Colorado oil shale gets a second look
Shell Oil hopes pilot project will go commercial
PARACHUTE, Colo. - On top of Cathedral Bluffs, Royal Dutch/Shell is quietly trying to revive one of the West's biggest and most disappointing energy booms. If Shell's scientists and engineers are right, the petroleum wealth locked into oil shale here may, at long last, be profitably exploited.
That possibility is being welcomed warily in northwest Colorado, which still remembers the heyday of the 1970s and 1980s, when the shale reserves here were described as "the next Saudi Arabia." People also remember the crash that followed, as oil firms bolted after collecting tens of millions of dollars in federal subsidies but failing to produce a single profitable barrel of petroleum.
The research project here has been conducted intermittently since 1996 on three small drill pads at 8,000 feet by Shell Exploration & Production Company of Houston, and it is still only a test, says spokesman Rich Hansen. But he adds, "We wouldn't be doing this research if we didn't dream of building a commercial project some day."
Northwestern Colorado has been viewed for a century as a potential oil treasure. By some calculations, the Piceance (pee'-awnce) Basin alone contains 300 billion barrels of recoverable petroleum, equal to 48 percent of Middle Eastern reserves. Yet no one has been able to extract profitably the keragen, a waxy petroleum, from the shale.
In 1974, the first Arab oil crisis sparked a boom here, as oil companies decided shale might finally pay. Workers streamed in. Shale would be mined and heated in large ovens, or retorts, to cook the keragen out, then condensed and refined. The process used enormous amounts of energy and water. New towns were drawn up to house thousands of expected workers. Plans were made to suck up vast quantities of water and to dump vaster quantities of waste rock.
But in the early 1980s, several oil companies canceled their projects. The collapse culminated in Exxon's 1982 closure of the Colony Oil Shale project in Parachute, which threw 2,500 people out of work. Unocal was the last to fold, closing its plant in 1991, despite a federal contract to buy shale oil for $41.50 per barrel, about twice the market rate. No matter how high the price of crude oil went, shale oil always seemed to cost more.
Shell executives think they now will be able to produce shale oil at a cost that can compete with $15-$25 per barrel crude oil. Their proprietary extraction technology uses electricity to heat the oil shale underground. They then pump out the liquid keragen with traditional oil-drilling techniques. This approach still uses water and energy, but not as much as the retorting process, and it leaves a much smaller environmental footprint, Hansen says.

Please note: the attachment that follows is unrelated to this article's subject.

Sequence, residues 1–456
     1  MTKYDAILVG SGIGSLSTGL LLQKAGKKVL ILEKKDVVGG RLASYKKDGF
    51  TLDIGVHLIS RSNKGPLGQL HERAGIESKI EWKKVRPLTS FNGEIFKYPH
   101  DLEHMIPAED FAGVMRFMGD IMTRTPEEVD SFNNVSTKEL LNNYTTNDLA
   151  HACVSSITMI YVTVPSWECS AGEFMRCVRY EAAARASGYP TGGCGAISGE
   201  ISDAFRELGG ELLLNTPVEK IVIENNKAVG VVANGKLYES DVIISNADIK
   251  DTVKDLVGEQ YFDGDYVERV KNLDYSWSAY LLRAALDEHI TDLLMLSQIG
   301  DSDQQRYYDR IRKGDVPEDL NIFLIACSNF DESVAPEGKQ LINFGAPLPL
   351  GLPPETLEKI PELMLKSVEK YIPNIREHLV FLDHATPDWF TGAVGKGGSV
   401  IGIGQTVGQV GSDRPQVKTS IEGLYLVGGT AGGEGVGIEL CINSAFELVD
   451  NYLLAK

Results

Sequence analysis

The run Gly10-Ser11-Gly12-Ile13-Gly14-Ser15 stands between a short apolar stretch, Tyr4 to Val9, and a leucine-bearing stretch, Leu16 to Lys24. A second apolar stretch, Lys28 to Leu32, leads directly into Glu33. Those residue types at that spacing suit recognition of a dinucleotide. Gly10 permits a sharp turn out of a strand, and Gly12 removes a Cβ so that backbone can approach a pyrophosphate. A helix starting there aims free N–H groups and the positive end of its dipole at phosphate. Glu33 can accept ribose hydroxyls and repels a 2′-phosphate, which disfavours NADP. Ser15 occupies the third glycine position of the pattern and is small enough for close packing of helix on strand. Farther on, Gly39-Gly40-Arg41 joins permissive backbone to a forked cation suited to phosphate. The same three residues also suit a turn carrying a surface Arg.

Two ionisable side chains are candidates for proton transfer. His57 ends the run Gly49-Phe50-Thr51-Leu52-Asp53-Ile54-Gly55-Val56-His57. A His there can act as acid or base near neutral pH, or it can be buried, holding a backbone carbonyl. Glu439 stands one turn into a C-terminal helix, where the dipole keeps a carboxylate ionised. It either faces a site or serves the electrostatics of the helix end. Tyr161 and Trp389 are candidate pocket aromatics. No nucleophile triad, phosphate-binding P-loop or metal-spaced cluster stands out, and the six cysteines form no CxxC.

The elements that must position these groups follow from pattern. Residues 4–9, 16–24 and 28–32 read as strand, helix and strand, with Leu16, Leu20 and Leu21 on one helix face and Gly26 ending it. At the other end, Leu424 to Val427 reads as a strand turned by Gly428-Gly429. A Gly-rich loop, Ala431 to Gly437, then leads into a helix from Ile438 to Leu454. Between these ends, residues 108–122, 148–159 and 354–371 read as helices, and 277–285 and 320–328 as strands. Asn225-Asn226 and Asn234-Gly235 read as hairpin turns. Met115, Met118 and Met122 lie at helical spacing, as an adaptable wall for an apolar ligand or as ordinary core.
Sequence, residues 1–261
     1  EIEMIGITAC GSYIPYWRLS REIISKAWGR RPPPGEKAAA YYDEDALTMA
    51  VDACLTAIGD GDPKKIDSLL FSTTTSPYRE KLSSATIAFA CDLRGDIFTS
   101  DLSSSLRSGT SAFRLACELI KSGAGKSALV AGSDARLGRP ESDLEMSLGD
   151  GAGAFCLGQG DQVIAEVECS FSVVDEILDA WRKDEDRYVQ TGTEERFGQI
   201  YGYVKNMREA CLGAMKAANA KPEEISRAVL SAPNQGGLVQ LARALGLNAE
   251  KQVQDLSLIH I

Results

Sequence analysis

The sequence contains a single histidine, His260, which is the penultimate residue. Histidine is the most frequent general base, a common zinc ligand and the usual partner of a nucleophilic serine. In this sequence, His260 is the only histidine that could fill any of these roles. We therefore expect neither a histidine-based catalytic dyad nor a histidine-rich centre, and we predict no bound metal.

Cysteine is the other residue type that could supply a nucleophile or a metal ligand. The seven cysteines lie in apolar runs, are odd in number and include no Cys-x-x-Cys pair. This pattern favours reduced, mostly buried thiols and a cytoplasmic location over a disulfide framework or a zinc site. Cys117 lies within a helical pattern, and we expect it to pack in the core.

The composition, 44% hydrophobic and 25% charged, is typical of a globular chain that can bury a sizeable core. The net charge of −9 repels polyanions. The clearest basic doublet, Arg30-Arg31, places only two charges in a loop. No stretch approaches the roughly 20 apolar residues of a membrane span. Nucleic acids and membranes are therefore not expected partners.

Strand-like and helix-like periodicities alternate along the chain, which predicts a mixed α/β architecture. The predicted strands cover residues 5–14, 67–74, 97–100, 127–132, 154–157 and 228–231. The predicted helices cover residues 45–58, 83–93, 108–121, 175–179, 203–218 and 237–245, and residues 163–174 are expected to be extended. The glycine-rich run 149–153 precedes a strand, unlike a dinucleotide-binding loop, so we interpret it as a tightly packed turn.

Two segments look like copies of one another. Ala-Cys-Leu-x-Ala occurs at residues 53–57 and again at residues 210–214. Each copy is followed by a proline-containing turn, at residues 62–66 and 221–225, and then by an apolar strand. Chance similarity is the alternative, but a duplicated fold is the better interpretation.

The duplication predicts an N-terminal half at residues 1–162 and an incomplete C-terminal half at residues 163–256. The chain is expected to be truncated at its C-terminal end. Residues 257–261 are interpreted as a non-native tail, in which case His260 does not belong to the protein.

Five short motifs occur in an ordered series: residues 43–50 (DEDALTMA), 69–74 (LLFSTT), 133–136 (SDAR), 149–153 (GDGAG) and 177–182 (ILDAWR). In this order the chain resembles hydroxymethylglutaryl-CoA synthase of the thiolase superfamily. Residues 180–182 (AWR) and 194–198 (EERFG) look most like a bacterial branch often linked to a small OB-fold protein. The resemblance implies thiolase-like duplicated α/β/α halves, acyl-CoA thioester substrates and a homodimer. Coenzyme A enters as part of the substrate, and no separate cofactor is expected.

It is too early to say when a commercial production facility might be built here, or how big it would be, and Hansen insists Shell is sensitive to the oil shale boom.
"The boom-and-bust cycle of oil shale is not necessarily a pretty picture," he says. "We're working with community leaders to try to understand what went wrong 20 years ago and what can be learned from that."
Shell is planning to use existing oil pipelines and the Union Pacific Rail line to ship its crude to refineries in Salt Lake City or Denver. The keragen would be a feedstock for gasoline, jet fuel and diesel fuel.
"In the Unocal-Exxon oil shale boom, Parachute was impacted the most and got the least out of it," says Parachute Mayor John Loschke. "I think Parachute is not going to be walked on again."
Loschke lived through the first boom and bust, and says that the town's present growth rate of 3-5 percent annually is plenty. Today his town of 1,200 is a bedroom community for workers in Aspen and Glenwood Springs, and sits across the Colorado River from Battlement Mesa, built by Exxon to house oil shale workers but then sold. It has been turned into a golf and retirement community.
In Meeker, 20 miles northeast of the Piceance Creek project, Mayor Bill Dunham is more optimistic.
"Any time we can get some kind of industry in here and more jobs for people, it helps the economy," Dunham says. "We've got a water system and a sewer system that was built back in those days designed to handle 10,000 people." The town's population is 2,200 now, he says, "and the rest of us are trying to pay for those things."
Agriculture, especially sheep ranching, used to be the number one economy in Rio Blanco County, Dunham says, but that business is hurting. "Energy is the number one industry here."
Sixty-five miles to the southwest, in the city of Grand Junction - which jumped over 100,000 in population in the 1990s as retirees flooded in - Mayor Cindy Enos-Martinez thinks oil shale development must be done right.
"It's going to have to be done in a different manner," says Enos-Martinez. "It hurt a lot of people. Losing everything was really tragic for those people."
Any oil company that wants to get back into the oil shale business had better come to Grand Junction with a plan, Enos-Martinez says.
For now, Hansen is trying to downplay Shell's work. "Every time I talk to a reporter, I get scared he's going to write this is the second coming," he says. "We're not going to buy up every acre here and build a zillion facilities. The real question is how many barrels can you economically recover from this area. Up to now, zero. Our technology works in some (shale) formations and not others. I think from an environmental standpoint, that's a good thing. We think it's responsible to do this slowly and see where it fits."
Hal Clifford contributes regularly to High Country News and Writers on the Range from Telluride, Colorado.
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